It may be best known for its fall colors, but there’s something to love during every season at Shenandoah National Park. During winter, the park glistens when covered in snow and ice. Spring means wildflowers, and in the summer, the park’s elevation calls for cooler temperatures. But regardless of the time of year, visitors should expect to see wildlife. More than 50 species of mammals live in Shenandoah, and although they do a good job remaining hidden, the park has one of the densest populations of black bears within the United States.
White-tailed deer are frequently seen along Skyline Drive, the scenic roadway that runs through the park, which is in total 105 miles long, running from the Front Royal (North) Entrance Station to the Rockfish Gap (South) Entrance Station in the Waynesboro-Charlottesville area. It takes about three hours to travel the entire length of the park, but with 75 overlooks, your time results may vary. The speed limit on Skyline Drive is 35 mph, and mile markers are used to help visitors locate places along the way.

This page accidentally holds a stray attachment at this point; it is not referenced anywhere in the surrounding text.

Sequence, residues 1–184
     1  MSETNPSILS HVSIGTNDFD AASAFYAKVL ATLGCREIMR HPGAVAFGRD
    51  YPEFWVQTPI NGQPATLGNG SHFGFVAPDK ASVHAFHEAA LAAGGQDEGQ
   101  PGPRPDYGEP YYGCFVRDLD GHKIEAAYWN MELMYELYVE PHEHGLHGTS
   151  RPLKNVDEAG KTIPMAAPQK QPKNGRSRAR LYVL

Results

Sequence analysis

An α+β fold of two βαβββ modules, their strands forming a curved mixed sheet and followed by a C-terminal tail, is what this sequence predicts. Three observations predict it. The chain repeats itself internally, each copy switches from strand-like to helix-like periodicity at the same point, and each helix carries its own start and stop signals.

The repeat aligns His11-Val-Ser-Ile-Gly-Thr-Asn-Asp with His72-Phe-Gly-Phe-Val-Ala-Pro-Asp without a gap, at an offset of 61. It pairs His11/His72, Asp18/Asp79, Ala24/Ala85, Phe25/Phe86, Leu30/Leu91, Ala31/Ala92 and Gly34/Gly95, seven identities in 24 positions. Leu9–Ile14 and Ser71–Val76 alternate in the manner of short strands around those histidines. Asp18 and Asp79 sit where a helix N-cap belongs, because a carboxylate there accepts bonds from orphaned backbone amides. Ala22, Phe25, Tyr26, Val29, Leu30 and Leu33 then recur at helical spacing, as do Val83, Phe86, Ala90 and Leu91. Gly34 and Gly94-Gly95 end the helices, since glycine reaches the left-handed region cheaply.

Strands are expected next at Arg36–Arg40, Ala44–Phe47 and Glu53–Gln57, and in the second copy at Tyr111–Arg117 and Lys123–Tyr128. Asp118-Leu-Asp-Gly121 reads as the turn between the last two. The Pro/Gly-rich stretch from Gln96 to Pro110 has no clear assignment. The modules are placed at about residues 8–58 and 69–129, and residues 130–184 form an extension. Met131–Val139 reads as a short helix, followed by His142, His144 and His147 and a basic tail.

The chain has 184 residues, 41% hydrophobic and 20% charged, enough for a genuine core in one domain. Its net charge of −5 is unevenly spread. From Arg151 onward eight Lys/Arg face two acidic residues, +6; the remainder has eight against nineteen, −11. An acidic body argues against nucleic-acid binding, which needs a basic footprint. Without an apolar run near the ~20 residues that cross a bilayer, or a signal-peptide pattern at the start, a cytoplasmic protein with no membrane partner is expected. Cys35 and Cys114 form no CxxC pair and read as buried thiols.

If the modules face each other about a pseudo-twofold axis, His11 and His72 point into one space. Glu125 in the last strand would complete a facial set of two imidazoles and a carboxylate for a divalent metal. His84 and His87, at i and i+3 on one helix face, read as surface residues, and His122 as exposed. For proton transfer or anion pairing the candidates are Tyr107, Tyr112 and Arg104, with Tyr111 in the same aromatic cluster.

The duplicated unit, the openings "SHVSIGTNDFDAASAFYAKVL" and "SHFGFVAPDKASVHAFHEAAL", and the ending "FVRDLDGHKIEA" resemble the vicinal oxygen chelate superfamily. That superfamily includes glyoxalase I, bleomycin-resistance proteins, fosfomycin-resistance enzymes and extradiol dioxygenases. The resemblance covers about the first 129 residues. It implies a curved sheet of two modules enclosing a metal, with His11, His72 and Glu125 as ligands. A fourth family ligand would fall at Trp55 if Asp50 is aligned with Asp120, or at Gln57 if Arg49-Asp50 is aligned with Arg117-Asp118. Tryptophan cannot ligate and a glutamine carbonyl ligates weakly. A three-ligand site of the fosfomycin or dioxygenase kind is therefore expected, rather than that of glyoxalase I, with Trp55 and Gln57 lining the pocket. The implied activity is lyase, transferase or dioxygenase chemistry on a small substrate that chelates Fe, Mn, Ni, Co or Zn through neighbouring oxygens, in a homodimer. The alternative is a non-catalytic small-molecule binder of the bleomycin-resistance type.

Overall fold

With more than 500 miles of hiking trails (some of which include waterfalls), be sure to spend some time out of your car. The park is also one of just a few that allows leashed pets on most trails. There is an assortment of lodging choices available in the park, ranging from hotel-style rooms to cabins. There are also four campgrounds, and while backcountry camping is allowed, a free permit is required.
Shenandoah National Park is located in the Blue Ridge Mountains of Virginia, 75 miles from Washington, D.C. There are four entrances (and exits) to the park, so directions will vary depending on what entrance you are headed to.